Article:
On 17 February 1763 the following obtained Henry McCulloh Deeds on the Waters of Uwharrie in Rowan County, North Carolina. Note the English spelling of the names.
(David Sr. & Jr. lands were consolidated) David Fouts - 292 acres David Fouts (Jr.) - 230 acres Jacob Fouts - 200 acres (16 year old son of David Sr.) Michael Fouts - 260 acres John Barnhart - 200 acres Andrew Hoover - 275 acres (Bro-in-law of Michael) John Mast - 233 acres William Merrill - 245 acres Jacob Schwartz - 200 acres Sunbright Heltzell - 200 acres Adam Varner - 289 acres (Bro-in-law of Michael Fouts)
22 February 1763 Andrew Hoover bought an additional 289 acres
This is your earliest Uwharrie Dutch Settlement with the exception of William Merrill. The Uwharrie until 1771 were located in Rowan County. In 1771, they, in most part, were taken within the newly erected Guilford County. In 1779, the southern portion of Guilford, wherein they resided, was included in the newly formed Randolph County.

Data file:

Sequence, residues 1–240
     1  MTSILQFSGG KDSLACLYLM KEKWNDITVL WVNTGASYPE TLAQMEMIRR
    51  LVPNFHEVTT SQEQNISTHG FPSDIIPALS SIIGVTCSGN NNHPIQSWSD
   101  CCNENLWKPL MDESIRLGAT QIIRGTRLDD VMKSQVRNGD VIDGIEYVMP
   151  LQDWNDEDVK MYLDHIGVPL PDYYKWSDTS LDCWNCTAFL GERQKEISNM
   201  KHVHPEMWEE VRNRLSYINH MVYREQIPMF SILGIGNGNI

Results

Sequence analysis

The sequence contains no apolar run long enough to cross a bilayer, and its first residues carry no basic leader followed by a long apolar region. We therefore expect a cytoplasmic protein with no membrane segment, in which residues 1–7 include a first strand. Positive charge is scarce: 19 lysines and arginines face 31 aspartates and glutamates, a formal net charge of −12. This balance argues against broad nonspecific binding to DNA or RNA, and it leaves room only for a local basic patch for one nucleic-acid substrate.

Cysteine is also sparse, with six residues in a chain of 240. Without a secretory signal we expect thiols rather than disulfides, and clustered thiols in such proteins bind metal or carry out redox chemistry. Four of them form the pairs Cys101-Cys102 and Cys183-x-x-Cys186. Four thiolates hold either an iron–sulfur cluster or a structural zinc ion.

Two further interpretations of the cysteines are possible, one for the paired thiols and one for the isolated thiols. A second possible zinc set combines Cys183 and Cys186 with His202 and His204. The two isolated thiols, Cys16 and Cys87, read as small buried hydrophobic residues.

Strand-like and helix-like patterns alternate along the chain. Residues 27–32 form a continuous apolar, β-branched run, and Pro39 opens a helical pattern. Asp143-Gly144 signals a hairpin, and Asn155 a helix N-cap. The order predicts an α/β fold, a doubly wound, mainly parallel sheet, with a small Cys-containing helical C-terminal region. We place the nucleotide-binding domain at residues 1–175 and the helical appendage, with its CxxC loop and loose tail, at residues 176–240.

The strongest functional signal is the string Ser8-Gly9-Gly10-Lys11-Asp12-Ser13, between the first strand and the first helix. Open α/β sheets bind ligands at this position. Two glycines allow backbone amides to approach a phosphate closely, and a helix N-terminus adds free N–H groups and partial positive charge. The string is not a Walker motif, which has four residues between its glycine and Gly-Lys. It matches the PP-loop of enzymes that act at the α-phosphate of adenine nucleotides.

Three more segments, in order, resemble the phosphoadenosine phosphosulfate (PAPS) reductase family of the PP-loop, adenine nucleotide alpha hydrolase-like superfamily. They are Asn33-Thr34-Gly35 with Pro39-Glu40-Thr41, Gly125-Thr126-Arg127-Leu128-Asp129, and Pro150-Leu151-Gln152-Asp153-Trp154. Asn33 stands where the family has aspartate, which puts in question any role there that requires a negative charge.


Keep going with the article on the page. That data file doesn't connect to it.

Dr. Davenport secured an area Map Maker who, from the deeds, plotted the land of the early Fouts on the Uwharrie. He secured over 3,000 land entries or deeds (property bought and sold) of the early Fouts and related families, covering Rowan, Davidson, Guilford and Randolph Counties. I have over 300 in my file that are related, in some manner, to Michael and his son Andrew. Sufficient to say, Michael, Sr. owned land on the Uwharrie at the junction of the Rich Fork and North Fork and along both sides of North Fork. the following may be of interest - Guilford County Land Entry No. 1632, made 7 May 1778, by James Allen is described as "a tract or parcel of land containing 100 acres lying in between Michael Fouts' Mill and Harmon's improvement"...Inasmuch as the Fouts Mill does not appear in Randolph County records, we can assume that it was not a public mill, but was used privately. That it was a grist mill is evidence by the designation of "John Fouts, miller" in 1792 (Michael's oldest son). If it was a saw mill, he would have been a "sawyer", and if a fulling mill, he would have been a "fuller".